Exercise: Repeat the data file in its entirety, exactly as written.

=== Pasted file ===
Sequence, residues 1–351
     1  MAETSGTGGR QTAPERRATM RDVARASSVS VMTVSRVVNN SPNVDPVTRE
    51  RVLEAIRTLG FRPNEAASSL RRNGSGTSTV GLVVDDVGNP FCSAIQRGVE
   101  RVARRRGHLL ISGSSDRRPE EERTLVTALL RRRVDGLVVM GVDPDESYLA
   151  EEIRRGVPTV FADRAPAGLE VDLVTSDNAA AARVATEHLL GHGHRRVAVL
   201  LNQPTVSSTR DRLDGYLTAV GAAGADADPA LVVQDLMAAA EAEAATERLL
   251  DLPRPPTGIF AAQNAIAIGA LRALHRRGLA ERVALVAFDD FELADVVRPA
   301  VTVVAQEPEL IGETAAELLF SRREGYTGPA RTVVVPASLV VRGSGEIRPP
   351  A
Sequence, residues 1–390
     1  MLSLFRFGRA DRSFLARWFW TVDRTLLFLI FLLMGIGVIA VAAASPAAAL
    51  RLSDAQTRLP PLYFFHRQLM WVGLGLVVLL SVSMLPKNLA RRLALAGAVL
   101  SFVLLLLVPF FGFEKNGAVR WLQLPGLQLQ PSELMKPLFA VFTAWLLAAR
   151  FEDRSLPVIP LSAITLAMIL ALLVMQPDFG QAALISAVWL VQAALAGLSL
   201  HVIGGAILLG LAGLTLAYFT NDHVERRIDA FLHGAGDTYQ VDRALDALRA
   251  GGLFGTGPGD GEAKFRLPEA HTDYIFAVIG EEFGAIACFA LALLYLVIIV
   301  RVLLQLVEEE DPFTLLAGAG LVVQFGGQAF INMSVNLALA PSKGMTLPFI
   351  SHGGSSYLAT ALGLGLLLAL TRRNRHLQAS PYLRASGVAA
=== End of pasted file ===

Sequence, residues 1–351
     1  MAETSGTGGR QTAPERRATM RDVARASSVS VMTVSRVVNN SPNVDPVTRE
    51  RVLEAIRTLG FRPNEAASSL RRNGSGTSTV GLVVDDVGNP FCSAIQRGVE
   101  RVARRRGHLL ISGSSDRRPE EERTLVTALL RRRVDGLVVM GVDPDESYLA
   151  EEIRRGVPTV FADRAPAGLE VDLVTSDNAA AARVATEHLL GHGHRRVAVL
   201  LNQPTVSSTR DRLDGYLTAV GAAGADADPA LVVQDLMAAA EAEAATERLL
   251  DLPRPPTGIF AAQNAIAIGA LRALHRRGLA ERVALVAFDD FELADVVRPA
   301  VTVVAQEPEL IGETAAELLF SRREGYTGPA RTVVVPASLV VRGSGEIRPP
   351  A
Sequence, residues 1–390
     1  MLSLFRFGRA DRSFLARWFW TVDRTLLFLI FLLMGIGVIA VAAASPAAAL
    51  RLSDAQTRLP PLYFFHRQLM WVGLGLVVLL SVSMLPKNLA RRLALAGAVL
   101  SFVLLLLVPF FGFEKNGAVR WLQLPGLQLQ PSELMKPLFA VFTAWLLAAR
   151  FEDRSLPVIP LSAITLAMIL ALLVMQPDFG QAALISAVWL VQAALAGLSL
   201  HVIGGAILLG LAGLTLAYFT NDHVERRIDA FLHGAGDTYQ VDRALDALRA
   251  GGLFGTGPGD GEAKFRLPEA HTDYIFAVIG EEFGAIACFA LALLYLVIIV
   301  RVLLQLVEEE DPFTLLAGAG LVVQFGGQAF INMSVNLALA PSKGMTLPFI
   351  SHGGSSYLAT ALGLGLLLAL TRRNRHLQAS PYLRASGVAA